Sunday, January 29, 2017
Should a person with mental disabilities be denied an organ transplant?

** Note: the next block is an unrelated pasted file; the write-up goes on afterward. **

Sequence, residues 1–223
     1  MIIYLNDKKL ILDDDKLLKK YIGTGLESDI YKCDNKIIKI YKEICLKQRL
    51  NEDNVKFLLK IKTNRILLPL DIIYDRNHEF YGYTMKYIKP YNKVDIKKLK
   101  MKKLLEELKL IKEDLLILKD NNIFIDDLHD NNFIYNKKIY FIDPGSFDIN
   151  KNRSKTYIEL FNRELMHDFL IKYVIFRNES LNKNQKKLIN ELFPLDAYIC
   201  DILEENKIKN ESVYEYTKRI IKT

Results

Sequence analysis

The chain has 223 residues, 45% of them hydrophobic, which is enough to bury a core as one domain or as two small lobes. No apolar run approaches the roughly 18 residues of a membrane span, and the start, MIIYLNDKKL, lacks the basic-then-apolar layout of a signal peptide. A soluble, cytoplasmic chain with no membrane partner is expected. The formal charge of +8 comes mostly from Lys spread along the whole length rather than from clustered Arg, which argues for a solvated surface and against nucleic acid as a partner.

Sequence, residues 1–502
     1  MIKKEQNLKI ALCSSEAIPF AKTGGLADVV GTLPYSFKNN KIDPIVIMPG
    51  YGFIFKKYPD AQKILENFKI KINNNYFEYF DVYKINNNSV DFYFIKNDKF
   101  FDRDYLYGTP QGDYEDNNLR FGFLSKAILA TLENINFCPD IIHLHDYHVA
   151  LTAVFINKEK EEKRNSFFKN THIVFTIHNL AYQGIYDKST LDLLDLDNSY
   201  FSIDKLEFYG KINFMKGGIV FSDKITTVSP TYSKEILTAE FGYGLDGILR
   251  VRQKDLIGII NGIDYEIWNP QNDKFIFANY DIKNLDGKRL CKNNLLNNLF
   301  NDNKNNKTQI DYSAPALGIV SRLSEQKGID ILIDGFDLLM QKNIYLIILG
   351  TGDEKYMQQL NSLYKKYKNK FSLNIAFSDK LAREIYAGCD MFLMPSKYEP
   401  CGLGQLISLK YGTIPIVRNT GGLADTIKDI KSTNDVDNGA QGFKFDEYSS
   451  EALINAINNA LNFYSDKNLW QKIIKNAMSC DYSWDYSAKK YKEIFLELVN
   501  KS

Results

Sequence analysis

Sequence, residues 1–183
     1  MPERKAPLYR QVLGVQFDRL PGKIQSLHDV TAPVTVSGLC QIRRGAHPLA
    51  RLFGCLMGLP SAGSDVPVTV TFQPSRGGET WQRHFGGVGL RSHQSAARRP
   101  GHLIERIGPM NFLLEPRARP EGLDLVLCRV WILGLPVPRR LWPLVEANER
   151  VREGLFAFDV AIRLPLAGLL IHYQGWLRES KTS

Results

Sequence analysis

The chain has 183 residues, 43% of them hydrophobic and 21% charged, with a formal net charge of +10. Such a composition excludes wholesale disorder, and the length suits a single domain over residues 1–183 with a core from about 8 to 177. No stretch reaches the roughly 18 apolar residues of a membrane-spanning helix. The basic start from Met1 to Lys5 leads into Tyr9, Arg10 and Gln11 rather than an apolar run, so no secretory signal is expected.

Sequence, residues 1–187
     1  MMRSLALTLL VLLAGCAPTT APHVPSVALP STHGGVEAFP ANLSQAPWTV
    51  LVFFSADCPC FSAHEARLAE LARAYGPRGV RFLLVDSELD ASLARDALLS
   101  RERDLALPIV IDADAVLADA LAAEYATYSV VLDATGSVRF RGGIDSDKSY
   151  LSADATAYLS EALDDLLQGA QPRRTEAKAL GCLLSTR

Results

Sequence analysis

The New England Journal of Medicine recently reported that U.S. Congress legislators made a petition to the Department of Health and Human services regarding whether a person with disabilities should receive an organ transplant or even be put on the list. With over a hundred thousand people on the waiting list for an organ, it’s safe to say the supply is limited. Some healthcare providers are afraid to give a person with intellectual/mental disabilities an organ because of the fear it may be “wasted.” The theory is that the person receiving the organ may not have the mental capacity to take care of themselves post-op and, thus, the organ may be rejected. If that is the case, someone who could have taken better care died while on the waiting list. However, research has shown that children with intellectual disabilities have the same odds of having a successful transplant as the children without disabilities. This study did not include adults, however, and children do have parents, guardians, or caregivers to ensure the best quality of care. Still, healthcare providers are wary to give children the transplant if they have a disability. One story became viral of a three-year-old girl named Amelia Rivera when she was denied a kidney transplant. The reasoning? She suffered from Wolf-Hirschhorn syndrome that causes severe intellectual impairment. The internet created a campaign with over fifty thousand people supporting her and she received the transplant. Other man in his twenties was denied a heart transplant because he was diagnosed with autism. Medical professionals are now calling for a review board that can make the decision if the case is debatable. Personally, I think they should not be excluded on the waiting list or denied an organ transplant.